(This one was hard to write, even harder to publish. I found it in the 2013 archives–aka my journal–back from when I was traveling around Croatia and Italy like a madwoman. This particular vignette was written when I was living in Split, Croatia.)
my backyard in croatia, on a stormy day
My eyes burned, watered. Mostly from the semen, partly from the shock.
Norman, Croatian Man and Proprietor of Ejaculate, was alarmed by my alarm.
“No warning?” I asked, miffed, blindly feeling around the bedside table for tissues.
“Well fuck that.”
Norman rolled over and hoisted himself out of bed. He zipped on his baby blue flannel onesie. I had to watch him tie his brown, shoulder length hair into a ponytail. “I know this isn’t sexy,” he said. “But it is very comfortable.” He motioned me to the kitchen and warmed up some meat and beans, a hearty Dalmatian recipe his mother made him growing up. I declined.
We sat alongside the kitchen counter, in his apartment in the outskirts of Split. I watched him eat his beans with total commitment. Some landed on his oversized child’s night garment. Before I’d moved to Croatia, if I had closed my eyes and envisioned a Croatian man, I’d have seen Norman: buff, rustic, burly, chiseled, strange — though his name would have been Stipe, or Bojan. Norman was named Norman, he told me, because “his parents were eccentrics.”
He wanted to talk about past relationships. (We’d exhausted Game of Thrones.) He asked me about my longest. His was six. Years. Mine was two. Months.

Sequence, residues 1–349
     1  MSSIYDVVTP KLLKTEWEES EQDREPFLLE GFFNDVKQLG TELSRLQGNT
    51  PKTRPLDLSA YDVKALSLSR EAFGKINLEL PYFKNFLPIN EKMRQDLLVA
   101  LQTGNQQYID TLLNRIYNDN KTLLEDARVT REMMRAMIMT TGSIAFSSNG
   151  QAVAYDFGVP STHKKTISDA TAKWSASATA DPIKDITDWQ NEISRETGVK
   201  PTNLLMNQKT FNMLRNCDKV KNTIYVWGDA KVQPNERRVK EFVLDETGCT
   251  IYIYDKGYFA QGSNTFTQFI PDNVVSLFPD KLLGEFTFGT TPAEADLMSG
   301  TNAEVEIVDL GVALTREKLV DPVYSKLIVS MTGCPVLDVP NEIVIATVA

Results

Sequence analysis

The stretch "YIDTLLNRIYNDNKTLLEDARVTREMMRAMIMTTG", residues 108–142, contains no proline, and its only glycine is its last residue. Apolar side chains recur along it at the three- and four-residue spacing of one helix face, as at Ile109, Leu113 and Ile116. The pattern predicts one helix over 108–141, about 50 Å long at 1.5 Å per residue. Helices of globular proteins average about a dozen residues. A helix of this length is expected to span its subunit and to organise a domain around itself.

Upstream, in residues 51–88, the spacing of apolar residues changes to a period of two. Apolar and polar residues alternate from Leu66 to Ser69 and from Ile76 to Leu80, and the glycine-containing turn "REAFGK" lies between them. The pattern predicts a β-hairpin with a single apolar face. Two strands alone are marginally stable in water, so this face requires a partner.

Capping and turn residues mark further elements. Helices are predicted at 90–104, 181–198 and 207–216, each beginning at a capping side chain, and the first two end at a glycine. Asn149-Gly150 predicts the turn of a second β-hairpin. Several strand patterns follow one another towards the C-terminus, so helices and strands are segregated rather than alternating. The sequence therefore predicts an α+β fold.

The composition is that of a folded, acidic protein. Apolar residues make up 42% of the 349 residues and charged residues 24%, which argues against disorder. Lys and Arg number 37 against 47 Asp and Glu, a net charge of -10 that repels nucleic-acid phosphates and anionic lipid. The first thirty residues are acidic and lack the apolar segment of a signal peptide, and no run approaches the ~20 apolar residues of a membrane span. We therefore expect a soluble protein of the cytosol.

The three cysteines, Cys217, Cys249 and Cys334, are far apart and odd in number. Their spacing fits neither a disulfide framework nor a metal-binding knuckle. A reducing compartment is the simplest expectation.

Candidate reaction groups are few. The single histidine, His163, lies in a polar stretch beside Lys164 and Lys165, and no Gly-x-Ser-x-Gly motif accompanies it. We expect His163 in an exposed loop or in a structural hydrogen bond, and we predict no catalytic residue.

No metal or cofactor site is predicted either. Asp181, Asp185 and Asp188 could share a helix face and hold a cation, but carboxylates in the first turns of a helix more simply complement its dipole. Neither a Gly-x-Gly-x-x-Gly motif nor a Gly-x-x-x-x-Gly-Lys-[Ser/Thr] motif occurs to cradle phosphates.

“You’ve never been in love?”
“No,” I said. I could have used a bowl of beans, right then, to diffuse the sadness, however dull: of being asked this by others and by myself, perpetually.
“Well, no offense, but there must be a reason for that.” He sopped up the juices with some stale bread.
I know, I know: I’ve never been in love. And no one, to my knowledge, has ever loved me, barring my family, a few friends, and my dog (when I’m holding the can opener).
And here was Norman, saying things I knew, getting meat juice on everything, even his careful ponytail.
I had never been more repulsed by a man. Yet this repulsive man had the power to make me acutely aware, more than ever before, of the fact that I’d never been in love: not because Norman had asked me, buffoon-like, but because here I was, sitting next to buffoon-like Norman, watching him eat beans, my eyes still red from an unexpected semen blast.
I excused myself to the bathroom and flushed my face with water. Flushed my face until I was certain he was done eating. I returned to the kitchen to offer a cordial goodbye; he was asleep on the couch.
I walked the two miles home, along the Adriatic, to the small apartment I was renting by the water. The lack of love puts you in places you might ordinarily never find yourself. And this, perhaps, is a blessing, this freedom to roam and experience and, as I did that night, bury myself in pebbles, feet in the chilly water, where I slept until sunrise.
the glorious adriatic